Crisis on Infinite Earths Homepage

  1. The Summoning!
  2. Time And Time Again!
  3. Oblivion Upon Us
  4. And Thus Shall The World Die!
  5. Worlds In Limbo
  6. 3 Earths! 3 Deaths!
  7. Beyond The Silent Night
  8. A Flash Of The Lightning
  9. War Zone
  10. Death At The Dawn Of Time!
  11. Aftershock
  12. Final Crisis


Throughout the series, you’ll see an occasional character listed as unknown – use the Contact Me tab at the top of the page to get in touch if you can identify any.
COIE07The cover of issue #7 featuring the death of Supergirl became a classic.

Various DC series (and those of other companies) would come back to this design – the fallen hero being held in the arms of a grieving hero – time and time again, usually on the cover but sometimes in the interior art.

I’ve scanned those examples that I own as well as trawling the net to compile a page showcasing as many as I can find.

If you know of any that I’m missing, get in touch.

CECollected EditionSome quick notes added about the Collected Edition of CRISIS which you can find here.

Nothing major or in depth but it does contain a couple of examples of how the colouring / restoration of the artwork really makes a difference compared with the original series.

Jla Incarnations 05The Crisis post-Crisis

By the end of CRISIS, time had been re-set and there had never been a multiverse. With that in mind, there could never have been a Crisis on Infinite Earths, but post-Crisis, the heroes would still refer to something called “the Crisis”.

You can find a handful of issues/scenes/editorial pieces that deal with this here.


The first event following CRISIS ON INFINITE EARTHS was going to be a direct sequel which never came to be and some of which sort of ended up being used in LEGENDS. Back Issue magazine ran an article on this proposed sequel and you can find more information on this page.

LegendsCOIECoverLEGENDS OF THE DC UNIVERSE: CRISIS ON INFINITE EARTHS was a one shot special telling the story of Earth-D, a world that was more innocent than others in the Multiverse as well as being more racially diverse. The events in it take place mostly at the same time as those of issue #4 of the main series but it does feature events from both issues #3 and #5.

If read chronologically (Jonathan Woodward treats it as issue #4½) it actually spoils the reveal of the Anti-Monitor; in the main series, he is not shown until the very end of issue #5 but in this one-off, he appears on the very first page!

Still, it’s a fair bet anyone reading this in 1999 when it was released would have already read the main series. You can find my notes on it here.

DcRetroactiveSupermanThe80sIn 2011, DC published a series of one-shots under the Retroactive banner, bringing back creators from the 70s, 80s and 90s to create new stories focusing on the characters they had been associated with during those decades. Marv Wolfman wrote the SUPERMAN issue for the 80s and tied it into the Crisis.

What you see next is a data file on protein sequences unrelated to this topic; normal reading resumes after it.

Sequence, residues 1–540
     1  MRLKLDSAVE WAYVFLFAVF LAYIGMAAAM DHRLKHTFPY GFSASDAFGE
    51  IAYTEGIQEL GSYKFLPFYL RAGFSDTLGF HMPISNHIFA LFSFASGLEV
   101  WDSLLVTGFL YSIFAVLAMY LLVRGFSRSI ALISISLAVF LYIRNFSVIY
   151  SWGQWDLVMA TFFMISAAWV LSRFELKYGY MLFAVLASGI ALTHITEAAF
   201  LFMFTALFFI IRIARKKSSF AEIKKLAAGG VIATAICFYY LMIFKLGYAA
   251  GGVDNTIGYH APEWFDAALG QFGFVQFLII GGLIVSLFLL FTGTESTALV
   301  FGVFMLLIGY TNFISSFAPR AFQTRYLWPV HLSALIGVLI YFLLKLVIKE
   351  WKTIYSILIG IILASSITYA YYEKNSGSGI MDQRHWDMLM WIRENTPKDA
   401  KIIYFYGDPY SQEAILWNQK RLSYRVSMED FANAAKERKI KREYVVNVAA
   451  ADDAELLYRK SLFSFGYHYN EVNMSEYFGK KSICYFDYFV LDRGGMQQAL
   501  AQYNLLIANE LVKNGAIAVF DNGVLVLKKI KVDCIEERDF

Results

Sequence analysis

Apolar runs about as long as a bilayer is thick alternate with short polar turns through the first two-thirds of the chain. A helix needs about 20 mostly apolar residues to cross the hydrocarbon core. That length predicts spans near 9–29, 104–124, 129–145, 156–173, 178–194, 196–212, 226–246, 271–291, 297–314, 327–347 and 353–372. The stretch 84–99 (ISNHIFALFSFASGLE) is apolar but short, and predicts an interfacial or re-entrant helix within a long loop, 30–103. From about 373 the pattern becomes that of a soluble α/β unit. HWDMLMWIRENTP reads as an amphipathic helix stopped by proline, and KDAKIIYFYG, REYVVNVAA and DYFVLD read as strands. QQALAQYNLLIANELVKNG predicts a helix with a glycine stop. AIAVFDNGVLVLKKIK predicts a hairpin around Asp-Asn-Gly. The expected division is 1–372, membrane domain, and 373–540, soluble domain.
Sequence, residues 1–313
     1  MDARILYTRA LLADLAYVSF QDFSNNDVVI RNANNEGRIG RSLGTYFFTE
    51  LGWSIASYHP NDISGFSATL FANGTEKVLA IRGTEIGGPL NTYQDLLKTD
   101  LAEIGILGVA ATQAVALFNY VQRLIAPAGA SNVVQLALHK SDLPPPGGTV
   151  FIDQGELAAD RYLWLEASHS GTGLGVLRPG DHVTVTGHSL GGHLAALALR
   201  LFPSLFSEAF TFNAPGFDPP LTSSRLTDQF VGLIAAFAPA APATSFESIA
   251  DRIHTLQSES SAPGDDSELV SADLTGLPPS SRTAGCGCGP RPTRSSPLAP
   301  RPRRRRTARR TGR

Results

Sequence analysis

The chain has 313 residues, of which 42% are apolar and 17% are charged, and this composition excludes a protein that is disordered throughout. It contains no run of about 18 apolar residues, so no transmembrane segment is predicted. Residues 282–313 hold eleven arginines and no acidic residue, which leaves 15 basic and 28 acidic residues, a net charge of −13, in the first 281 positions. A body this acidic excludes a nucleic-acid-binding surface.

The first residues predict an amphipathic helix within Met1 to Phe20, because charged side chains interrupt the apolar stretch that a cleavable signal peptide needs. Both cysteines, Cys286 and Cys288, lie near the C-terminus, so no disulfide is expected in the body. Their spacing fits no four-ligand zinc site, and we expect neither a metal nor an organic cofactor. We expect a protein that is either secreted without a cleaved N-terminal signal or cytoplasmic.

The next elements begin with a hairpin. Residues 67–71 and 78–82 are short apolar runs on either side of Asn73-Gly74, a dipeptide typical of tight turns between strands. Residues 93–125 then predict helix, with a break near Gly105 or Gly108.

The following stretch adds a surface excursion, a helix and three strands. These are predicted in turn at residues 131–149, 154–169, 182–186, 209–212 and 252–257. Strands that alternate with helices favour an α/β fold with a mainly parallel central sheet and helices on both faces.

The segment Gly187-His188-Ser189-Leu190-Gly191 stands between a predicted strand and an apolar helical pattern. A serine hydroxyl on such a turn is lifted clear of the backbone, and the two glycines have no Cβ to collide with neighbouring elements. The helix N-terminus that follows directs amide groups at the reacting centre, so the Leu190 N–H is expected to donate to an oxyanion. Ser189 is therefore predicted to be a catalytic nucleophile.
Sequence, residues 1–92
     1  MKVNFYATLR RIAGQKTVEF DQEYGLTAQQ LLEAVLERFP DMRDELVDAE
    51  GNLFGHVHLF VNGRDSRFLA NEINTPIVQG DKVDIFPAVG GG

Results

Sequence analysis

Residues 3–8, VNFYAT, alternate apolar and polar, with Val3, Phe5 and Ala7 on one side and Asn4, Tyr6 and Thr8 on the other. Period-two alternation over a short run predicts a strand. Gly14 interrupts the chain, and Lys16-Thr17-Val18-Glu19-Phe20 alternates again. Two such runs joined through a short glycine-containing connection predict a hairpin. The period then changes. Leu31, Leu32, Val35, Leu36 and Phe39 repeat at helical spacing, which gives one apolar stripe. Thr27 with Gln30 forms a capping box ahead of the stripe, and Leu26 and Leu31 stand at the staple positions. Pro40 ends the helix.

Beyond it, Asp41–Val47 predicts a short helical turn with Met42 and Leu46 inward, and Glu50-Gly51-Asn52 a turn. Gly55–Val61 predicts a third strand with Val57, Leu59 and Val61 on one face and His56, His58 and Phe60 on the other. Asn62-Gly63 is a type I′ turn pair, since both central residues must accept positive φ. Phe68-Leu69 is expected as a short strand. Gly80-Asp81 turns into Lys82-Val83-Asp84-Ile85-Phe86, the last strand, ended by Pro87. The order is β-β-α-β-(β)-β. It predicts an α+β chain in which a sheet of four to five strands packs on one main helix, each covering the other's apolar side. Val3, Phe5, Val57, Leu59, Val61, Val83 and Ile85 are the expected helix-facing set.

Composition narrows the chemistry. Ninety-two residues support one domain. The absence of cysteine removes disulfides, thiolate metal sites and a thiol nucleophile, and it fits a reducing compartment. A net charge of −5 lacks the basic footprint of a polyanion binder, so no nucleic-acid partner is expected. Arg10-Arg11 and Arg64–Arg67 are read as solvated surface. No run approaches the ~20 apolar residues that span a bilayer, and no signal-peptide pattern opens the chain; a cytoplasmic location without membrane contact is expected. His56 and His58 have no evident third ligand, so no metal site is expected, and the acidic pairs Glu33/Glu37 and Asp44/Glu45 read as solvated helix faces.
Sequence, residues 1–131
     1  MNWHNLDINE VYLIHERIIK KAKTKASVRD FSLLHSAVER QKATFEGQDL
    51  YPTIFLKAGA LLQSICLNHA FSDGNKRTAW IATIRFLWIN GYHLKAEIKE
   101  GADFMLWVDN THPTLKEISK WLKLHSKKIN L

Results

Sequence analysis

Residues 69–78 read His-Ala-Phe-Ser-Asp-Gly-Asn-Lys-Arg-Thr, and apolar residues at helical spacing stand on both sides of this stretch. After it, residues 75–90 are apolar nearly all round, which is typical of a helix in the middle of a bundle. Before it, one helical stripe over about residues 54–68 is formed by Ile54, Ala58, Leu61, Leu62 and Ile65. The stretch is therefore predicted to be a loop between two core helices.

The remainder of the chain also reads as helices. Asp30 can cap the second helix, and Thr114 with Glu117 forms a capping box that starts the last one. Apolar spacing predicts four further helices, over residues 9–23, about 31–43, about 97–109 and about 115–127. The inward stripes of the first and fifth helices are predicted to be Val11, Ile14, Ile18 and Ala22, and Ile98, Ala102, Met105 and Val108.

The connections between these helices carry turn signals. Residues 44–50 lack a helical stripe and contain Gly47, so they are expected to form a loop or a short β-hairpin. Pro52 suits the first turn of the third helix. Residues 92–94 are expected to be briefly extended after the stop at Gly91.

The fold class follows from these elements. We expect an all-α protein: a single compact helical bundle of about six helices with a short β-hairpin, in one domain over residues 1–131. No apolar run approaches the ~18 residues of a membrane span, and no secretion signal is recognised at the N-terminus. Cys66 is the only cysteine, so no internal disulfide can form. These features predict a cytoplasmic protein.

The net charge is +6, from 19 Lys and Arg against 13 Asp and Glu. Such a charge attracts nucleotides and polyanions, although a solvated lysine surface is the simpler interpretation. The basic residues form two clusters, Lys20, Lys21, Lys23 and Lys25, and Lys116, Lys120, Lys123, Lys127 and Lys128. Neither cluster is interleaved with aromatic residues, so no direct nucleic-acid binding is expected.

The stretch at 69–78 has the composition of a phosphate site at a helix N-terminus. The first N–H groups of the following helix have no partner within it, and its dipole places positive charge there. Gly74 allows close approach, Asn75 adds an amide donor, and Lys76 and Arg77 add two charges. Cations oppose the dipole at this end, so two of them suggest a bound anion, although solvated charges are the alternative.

When the Earth is threatened with destruction by a creature called the Dread, Destiny appears to Superman and presents him with a choice: to leave Earth and become the servant/assassin for the Dread, or to continue to fight in hopes of defeating it. If he joins the Dread, the Earth will be spared at the cost of the entire population becoming mindless drones; if he fights, the world will become a darker place. In attempting to influence Superman’s choice, Destiny shows him glimpses of the future which feature snap shots of various DC storylines from Batman falling to Bane in Knightfall, Superman’s own death at the hands of Doomsday, as well as events such as BLACKEST NIGHT and INFINITE CRISIS. Regardless of those future events, Superman chooses to fight in the hopes of overcoming the Dread.

Destiny leaves him and he wakes, revealing the whole thing to have been a dream that he will soon forget; meanwhile, Destiny arrives at the Monitor’s satellite – Harbinger had been posing as Destiny in order to test Superman’s resolve. Convinced Superman is their best hope, the Monitor decides that Earth-1 is the universe where they should make a stand, beginning in CRISIS ON INFINITE EARTHS #1.

Convergence8In 2015, DC’s big summer event was CONVERGENCE, a weekly series running over two months that detailed how Brainiac had captured various cities not only from the current DCU but from previous timelines and universes, including those pre-Crisis.

By the end of the series, Brainiac has had a change of heart and attempts to send all the cities and their inhabitants back to their home worlds/universes but is prevented by the effects of Crisis.

Brief notes on how he overcomes this – and the influence it has on the original Crisis – can be found here.

Green Lantern 143The introduction to the Collected Edition (see above) by Marv Wolfman makes reference to a letter he received while he was writing GREEN LANTERN which, basically, got him thinking about tidying up DC continuity, a train of thought that would ultimately lead to CRISIS ON INFINITE EARTHS.

You can read the original letter and Marv’s reply here.

As with every other event, CRISIS was advertised throughout DC’s other titles in the run-up to it and during.

Here’s a page with the house ads I’ve found.

Back before I annotated CRISIS, I wrote a summary of it as background to my INFINITE CRISIS annotations.

Following the CW’s TV show crossover called Elseworlds in 2018 which featured the Monitor and then teased 2019’s crossover as being Crisis On Infinite Earths, the number of people finding this site looking for a summary of CRISIS skyrocketed, even though the actual page (accidentally) wasn’t linked from the INFINITE CRISIS pages any more.

So for those of you interested in CRISIS and wanting a quick summary, you can find it here.


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